Su Lum: Slumming
The Aspen Times
Aspen, CO, Colorado
I don’t have a lot – or even a few – positive things to say about getting old, but after watching the Republican candidates for president (all the debates, most of the coverage), I can positively say that I am glad that I have passed my childbearing years.
Here we have a political party clamoring to reduce government and get government off our backs while, at the same time, proposing government-sanctioned intrusions into both our private lives and our private parts, without even realizing the dichotomy of their position. They want those babies, but the hell with Head Start.
According to Rick Santorum, abortion wouldn’t be an issue if we’d all obey God’s law and only engage in the dirty deed if we hoped and expected to procreate. Mitt Romney, who has been on both sides of the right-to-choose issue, clearly doesn’t care squat about abortion but picked what he thought was the winning side. And for moral direction, who better to turn to than Newt?
It would be funny if it weren’t perilously close to the new reality. With the stroke of a pen, the Supreme Court could strike down Roe v. Wade and send us back to the Dark Ages and back alleys.
I was lucky that I never faced that decision, but in the late ’60s (Roe v. Wade was decided in 1973) one of my roommates got pregnant. This was before the pill, the IUD or the late, lamented sponge. Condoms were available, but it was before STDs and, you know, guys hate condoms, and these things happen.
The roommate, who was totally ill-equipped to deal with this situation, appealed to me to find someone who would perform an abortion. Moi? This was way out of my league. She might as well have asked me to score a kilo of heroin for her.
The protagonists are dead now, so I can name some of the names. I went to my boss, Bil Dunaway, told him the story and asked how I could go about finding the name of a doctor who could help my roommate. Bil didn’t know any more about it than I did, so he called his friend Dr. Bugsy Barnard, ex of the City Council and then mayor of Aspen.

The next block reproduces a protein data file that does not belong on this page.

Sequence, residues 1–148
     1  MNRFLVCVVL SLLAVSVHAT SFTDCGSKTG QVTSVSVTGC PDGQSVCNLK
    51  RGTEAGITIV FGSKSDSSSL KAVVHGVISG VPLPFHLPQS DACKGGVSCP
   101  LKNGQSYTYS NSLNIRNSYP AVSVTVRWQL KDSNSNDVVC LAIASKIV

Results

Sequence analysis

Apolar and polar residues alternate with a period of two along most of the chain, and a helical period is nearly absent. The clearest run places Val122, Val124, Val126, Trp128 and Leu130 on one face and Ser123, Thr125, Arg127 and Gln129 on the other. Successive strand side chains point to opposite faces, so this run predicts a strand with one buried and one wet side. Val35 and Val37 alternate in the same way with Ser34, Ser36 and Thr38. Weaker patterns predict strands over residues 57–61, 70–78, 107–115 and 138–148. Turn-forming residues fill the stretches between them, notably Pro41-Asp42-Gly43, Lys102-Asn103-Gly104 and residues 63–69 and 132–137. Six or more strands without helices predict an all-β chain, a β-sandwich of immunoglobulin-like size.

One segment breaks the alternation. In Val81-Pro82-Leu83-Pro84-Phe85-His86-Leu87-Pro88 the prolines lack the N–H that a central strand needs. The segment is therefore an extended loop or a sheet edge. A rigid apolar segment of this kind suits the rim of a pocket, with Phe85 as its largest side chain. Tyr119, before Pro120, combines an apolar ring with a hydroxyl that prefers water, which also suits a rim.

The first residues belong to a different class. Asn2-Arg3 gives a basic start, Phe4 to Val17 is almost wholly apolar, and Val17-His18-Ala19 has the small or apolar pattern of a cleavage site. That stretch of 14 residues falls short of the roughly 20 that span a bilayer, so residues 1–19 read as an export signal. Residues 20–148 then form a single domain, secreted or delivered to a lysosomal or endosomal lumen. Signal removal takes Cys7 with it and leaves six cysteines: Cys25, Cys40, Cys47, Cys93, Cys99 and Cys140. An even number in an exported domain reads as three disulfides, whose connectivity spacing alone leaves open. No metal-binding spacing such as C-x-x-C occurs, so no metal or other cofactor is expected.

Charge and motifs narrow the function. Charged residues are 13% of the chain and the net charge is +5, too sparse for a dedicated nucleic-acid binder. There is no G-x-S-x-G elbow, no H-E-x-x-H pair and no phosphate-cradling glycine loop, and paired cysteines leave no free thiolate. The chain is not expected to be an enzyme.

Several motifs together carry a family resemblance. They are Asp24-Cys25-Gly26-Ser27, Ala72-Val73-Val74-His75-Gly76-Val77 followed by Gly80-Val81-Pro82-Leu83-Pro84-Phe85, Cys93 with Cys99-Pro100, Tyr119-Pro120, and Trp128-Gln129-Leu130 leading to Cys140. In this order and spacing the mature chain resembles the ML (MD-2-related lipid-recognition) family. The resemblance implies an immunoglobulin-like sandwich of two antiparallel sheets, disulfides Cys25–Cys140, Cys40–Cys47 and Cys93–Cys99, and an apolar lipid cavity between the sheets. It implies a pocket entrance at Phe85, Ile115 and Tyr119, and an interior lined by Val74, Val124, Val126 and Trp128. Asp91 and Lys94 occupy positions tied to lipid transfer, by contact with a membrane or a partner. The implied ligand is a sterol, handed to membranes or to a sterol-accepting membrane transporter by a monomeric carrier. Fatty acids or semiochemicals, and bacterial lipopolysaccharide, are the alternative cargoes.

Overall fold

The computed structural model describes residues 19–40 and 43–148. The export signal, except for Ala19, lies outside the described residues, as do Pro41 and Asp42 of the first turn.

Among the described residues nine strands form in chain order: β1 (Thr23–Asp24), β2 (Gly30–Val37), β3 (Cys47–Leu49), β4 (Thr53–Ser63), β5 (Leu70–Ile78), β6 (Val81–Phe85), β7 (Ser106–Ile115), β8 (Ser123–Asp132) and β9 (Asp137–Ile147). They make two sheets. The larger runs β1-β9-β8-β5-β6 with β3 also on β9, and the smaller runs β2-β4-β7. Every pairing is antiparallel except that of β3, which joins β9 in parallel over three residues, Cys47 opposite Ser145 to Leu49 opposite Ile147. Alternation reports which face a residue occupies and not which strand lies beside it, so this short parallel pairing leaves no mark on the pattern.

Bugsy and Dunaway were racing-car buddies and partners in the campaign to rid the valley of billboards, but, true to form, Bil never failed to nail Bugsy in Aspen Times editorials when he stepped over the line that he basically straddled.
Barnard came up with two or three names and numbers, passed them to Dunaway, who passed them to me, who passed them to my roommate. This was serious stuff back in those days, days to which the Republicans (white men) seem to want us to return. You could go to prison for performing an abortion or for aiding and abetting.
As they say, if men could get pregnant, their self-righteousness would explode like a hot-air balloon in a firefight.
My roommate called the numbers and was accepted as a candidate by only one, a man in Kansas or Nebraska who told her that she would have to appear with $400 in cash, with the understanding that having sexual intercourse with him beforehand was part of the deal. And she did it.
How barbaric and indefensible, you might say, and you’d be right. Those were the days.
Support Local Journalism
Support Local Journalism
Readers around Aspen and Snowmass Village make the Aspen Times’ work possible. Your financial contribution supports our efforts to deliver quality, locally relevant journalism.
Now more than ever, your support is critical to help us keep our community informed about the evolving coronavirus pandemic and the impact it is having locally. Every contribution, however large or small, will make a difference.
Each donation will be used exclusively for the development and creation of increased news coverage.
Start a dialogue, stay on topic and be civil.
If you don't follow the rules, your comment may be deleted.
User Legend: Moderator Trusted User
“Many of these stoic commuters endure brain-numbing traffic jams so they can service vacant mega homes, making sure all the lights are on and that the snowmelt patios, driveways, sidewalks and dog runs are thoroughly heated so as to evaporate that bothersome white stuff that defines Aspen’s picturesque winter landscape and ski economy,“ writes Paul Andersen.